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Tuesday, October 20 • 11:00am - 12:00pm
Session 3: Promoting Women's Health through Media Arts Collaboration / The Black Power Station: Designing Xhosa Cultural Space + Creative Processes to Transform Indigenous Communities

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Promoting Women's Health (Wu, Xu) - "For Tashi" is the outcome of a media arts collaboration between research universities to promote women's health awareness. Combing computer program generated visuals, soundscape, voice, and the sound of ancient Chinese instrument Konghou, this project depicts the physical and emotional journey that a woman goes through when losing her baby prematurely, aiming to share this deeply personal, largely unspoken, and often overlooked experience with the public, in the hope to transfer the previously private excursion to a communal experience.

Black Power Station (Crisman) - This presentation will examine lessons learned from the Black Power Station project—a collaboration with the Xhosa community to design a sustainable public performance space and arts programming in an abandoned power station in Makhanda, South Africa. Indigenous artists have informally occupied this ruined landscape of giant brick industrial buildings as an arts space for black youth from the townships. Our creative research seeks to help the community overcome the history of apartheid and its legacies—land colonization, radical economic and social inequality, high unemployment and poverty, violence, political alienation, and environmental degradation. Xhosa hip-hop musician and activist Xolile Madinda and University of Virginia faculty and students in Architecture, Ethnomusicology, and Global Development Studies are co-producing music, poetry, art, and architecture through physical exchanges and virtual connections, while stimulating arts education and arts-based community development at the Black Power Station. The collaborative design process is highly iterative and emergent, treats all participants as socially and culturally situated, and troubles conventional ideas of expertise and divisions of labor. We are generating a sustainable creative process shaped by significant social and cultural difference—while designing arts programming and indigenous cultural space to promote equity, reduce resource use and foster community thriving.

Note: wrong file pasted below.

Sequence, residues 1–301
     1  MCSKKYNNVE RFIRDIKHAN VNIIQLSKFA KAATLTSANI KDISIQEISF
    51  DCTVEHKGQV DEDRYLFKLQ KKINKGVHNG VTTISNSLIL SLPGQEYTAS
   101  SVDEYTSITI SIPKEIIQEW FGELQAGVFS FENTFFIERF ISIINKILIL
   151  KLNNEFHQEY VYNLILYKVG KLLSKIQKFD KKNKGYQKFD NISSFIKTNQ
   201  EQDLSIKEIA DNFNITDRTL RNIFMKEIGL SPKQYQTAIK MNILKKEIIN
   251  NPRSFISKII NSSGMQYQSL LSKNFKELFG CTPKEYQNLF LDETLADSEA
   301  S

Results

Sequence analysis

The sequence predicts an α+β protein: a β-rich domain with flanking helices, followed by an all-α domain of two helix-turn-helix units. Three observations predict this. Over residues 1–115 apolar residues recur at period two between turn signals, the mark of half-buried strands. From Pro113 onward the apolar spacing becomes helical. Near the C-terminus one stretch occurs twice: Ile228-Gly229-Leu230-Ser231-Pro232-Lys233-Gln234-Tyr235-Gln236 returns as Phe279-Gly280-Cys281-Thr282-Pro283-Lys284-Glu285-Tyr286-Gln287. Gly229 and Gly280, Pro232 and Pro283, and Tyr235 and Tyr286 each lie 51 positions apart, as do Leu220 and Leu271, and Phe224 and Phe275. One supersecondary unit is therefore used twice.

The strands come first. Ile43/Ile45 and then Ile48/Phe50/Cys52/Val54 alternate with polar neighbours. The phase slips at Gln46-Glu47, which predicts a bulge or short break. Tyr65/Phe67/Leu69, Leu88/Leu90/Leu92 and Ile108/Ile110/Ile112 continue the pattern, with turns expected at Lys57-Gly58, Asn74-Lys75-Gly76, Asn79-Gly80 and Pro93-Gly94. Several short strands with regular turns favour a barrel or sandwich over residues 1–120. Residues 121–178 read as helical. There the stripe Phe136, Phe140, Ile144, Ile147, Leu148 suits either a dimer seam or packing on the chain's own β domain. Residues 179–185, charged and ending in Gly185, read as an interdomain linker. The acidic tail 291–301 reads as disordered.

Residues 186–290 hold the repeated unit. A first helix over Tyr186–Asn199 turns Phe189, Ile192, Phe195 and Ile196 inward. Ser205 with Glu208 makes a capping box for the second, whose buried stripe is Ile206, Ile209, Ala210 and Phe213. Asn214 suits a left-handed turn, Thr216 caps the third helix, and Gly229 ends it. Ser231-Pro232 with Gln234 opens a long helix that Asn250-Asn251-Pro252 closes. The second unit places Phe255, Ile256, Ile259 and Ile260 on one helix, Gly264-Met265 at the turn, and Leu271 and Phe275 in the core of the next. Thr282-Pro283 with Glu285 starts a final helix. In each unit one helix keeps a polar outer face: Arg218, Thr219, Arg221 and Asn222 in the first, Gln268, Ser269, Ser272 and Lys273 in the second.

Jiayue Cecilia Wu

Jiayue Cecilia Wu is a scholar, composer, audio engineer, performer, and multimedia artist. She earned her Bachelor of Science degree in Design and Engineering in 2000. In 2013, Cecilia obtained her Master of Arts degree in Music, Science, and Technology from Stanford University... Read More →

Phoebe Crisman

Phoebe Crisman AIA is a Professor of Architecture at the University of Virginia, where she teaches architecture and urban studios, and directs the interdisciplinary Global Studies program. Her public interest design with Crisman+Petrus Architects creates more resilient and just communities... Read More →

Tuesday October 20, 2020 11:00am - 12:00pm EDT